Cemetery pros, hevras dig in to contemporary issues in Portland
By Deborah Moon Seldner
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The first ever North American Jewish Cemetery Conference held in Portland June 11-13 drew 150 people from 23 states, Canada and Scotland to discuss the holy work of burial practices and how they are impacted by intermarriage, suicide, cremation and a host of contemporary issues.
Combined with the fourth Hevra Kadisha Conference, the conference attracted a broad range of speakers and participants from across the spectrum of observance including Orthodox, Conservative, Reform, Renewal and Reconstructionist. Opening session speaker Rabbi Joseph Ozarowski said the interaction between traditional and liberal "all here together talking—that is significant."
The conference was the brain child of Neveh Shalom cemetery chair Leonard Barde, who wanted to know how others dealt with the myriad concerns he has helped his Conservative congregation address for many years. Congregation Neveh Shalom and Kavod v'Nichum sponsored the national conference with support from the Jewish Federation of Greater Portland and the Oregon Jewish Community Foundation.
"All in all it comes back to tselem elokim (image of God), hesed, continuity, community and holy trembling that can and should guide us," said Ozarowski, an Orthodox rabbi who serves as the Rabbinic Chaplain to the Jewish Healing Network of Chicago. "We may not agree (on every issue) ? but I hope we'll have interesting discussions during the next couple days."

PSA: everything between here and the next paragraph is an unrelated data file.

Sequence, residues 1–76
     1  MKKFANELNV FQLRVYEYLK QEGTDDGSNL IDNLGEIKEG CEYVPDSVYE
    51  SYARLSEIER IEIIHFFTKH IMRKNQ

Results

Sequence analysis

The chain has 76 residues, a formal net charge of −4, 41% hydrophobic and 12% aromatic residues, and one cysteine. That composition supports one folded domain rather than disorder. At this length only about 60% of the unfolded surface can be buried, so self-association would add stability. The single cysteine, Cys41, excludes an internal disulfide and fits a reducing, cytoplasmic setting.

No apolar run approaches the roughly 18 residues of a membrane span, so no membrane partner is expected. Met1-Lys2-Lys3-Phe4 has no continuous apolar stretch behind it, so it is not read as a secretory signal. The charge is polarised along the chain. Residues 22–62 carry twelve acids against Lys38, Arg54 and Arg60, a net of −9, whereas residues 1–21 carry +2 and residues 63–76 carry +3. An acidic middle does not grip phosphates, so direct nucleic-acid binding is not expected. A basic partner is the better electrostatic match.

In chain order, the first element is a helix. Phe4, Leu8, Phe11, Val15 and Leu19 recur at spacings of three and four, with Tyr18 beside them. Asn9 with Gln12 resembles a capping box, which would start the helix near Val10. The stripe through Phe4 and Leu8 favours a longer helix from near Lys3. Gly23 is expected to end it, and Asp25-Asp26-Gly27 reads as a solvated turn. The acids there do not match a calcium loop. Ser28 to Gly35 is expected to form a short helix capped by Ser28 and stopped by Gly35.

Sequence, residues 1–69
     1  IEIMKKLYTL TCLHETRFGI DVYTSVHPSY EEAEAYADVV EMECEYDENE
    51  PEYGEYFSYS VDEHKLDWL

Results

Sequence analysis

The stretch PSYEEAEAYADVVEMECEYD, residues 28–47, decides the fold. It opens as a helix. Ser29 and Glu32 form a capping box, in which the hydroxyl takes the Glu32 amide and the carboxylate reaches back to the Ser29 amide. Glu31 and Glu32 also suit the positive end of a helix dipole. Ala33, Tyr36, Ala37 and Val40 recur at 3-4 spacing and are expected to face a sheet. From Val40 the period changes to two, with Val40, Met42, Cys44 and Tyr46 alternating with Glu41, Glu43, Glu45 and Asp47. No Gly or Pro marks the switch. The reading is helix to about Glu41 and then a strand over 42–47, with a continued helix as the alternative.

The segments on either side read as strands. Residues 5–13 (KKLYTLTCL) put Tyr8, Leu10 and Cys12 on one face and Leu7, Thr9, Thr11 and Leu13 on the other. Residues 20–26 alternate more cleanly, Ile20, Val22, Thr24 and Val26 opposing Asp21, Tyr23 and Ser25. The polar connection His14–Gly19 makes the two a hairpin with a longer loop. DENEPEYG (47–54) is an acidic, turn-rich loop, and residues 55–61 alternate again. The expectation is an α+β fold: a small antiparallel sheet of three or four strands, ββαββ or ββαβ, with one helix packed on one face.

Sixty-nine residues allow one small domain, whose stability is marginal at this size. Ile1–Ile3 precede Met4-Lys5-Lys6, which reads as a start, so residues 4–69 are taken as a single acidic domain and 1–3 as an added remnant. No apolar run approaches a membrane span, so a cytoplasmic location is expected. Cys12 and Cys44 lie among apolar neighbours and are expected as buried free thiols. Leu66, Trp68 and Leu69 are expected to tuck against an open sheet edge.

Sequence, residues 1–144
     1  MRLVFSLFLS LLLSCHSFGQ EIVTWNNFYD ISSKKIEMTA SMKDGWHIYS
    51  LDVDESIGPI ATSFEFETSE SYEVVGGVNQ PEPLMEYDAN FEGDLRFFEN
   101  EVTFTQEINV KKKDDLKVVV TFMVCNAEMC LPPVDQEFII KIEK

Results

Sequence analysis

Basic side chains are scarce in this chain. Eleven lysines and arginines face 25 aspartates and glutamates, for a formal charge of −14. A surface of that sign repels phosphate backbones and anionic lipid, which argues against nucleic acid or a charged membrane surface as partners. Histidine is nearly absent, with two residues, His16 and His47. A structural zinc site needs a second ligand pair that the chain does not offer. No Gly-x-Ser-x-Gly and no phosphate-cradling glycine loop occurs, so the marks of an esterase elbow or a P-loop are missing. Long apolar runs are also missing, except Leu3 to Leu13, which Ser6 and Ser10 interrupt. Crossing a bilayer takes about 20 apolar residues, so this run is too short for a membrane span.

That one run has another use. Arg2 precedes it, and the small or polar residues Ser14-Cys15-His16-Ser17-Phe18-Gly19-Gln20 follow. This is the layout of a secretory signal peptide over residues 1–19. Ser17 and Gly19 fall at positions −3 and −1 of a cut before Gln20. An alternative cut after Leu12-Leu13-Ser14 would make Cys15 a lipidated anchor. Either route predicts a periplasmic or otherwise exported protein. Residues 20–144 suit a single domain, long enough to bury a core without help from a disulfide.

Actually, Ozarowski and keynote speaker Conservative Rabbi Elliot Dorf did agree on many issues, especially the need to deal compassionately with contemporary reality.
Both rabbis agreed that Jewish law strictly forbids cremation, yet both spoke of the need to deal reverently with the soul and body of the cremated and compassionately with the family.
"Halakah is very, very clear ? people who are cremated don't get into heaven," said Ozarowski, noting the ban is based on biblical law that recognizes the body as holding the soul and holding the image of God. "At the same time, there are needs that must be addressed."
Discussing a case in which a young man living across the country from his family was cremated despite the family's objections, he said "We dealt with the needs of the living." Though the family couldn't sit shiva, Ozarowski said he came up with a format for a gathering where the family could "talk and accept the condolences of the community."
However, Dorf said, "Judaism is not an all or nothing thing. "It's a question of how much ? For me, the more Jewish you can make it, the better."
"If we can't convince the family not to cremate, we would do the tahara (ritual cleansing and dressing of the body) and we would say kaddish declaring God is great," he said. "The person is still a Jew ? and needs to be mourned as such."
Dorf said he doesn't believe the hevra should accompany, or a Jewish mortuary should deliver, the body to the crematorium because that would be "abetting something against Jewish law."
Dorf also discussed suicide and why suicides are seldom, if ever, required to be buried outside a Jewish cemetery.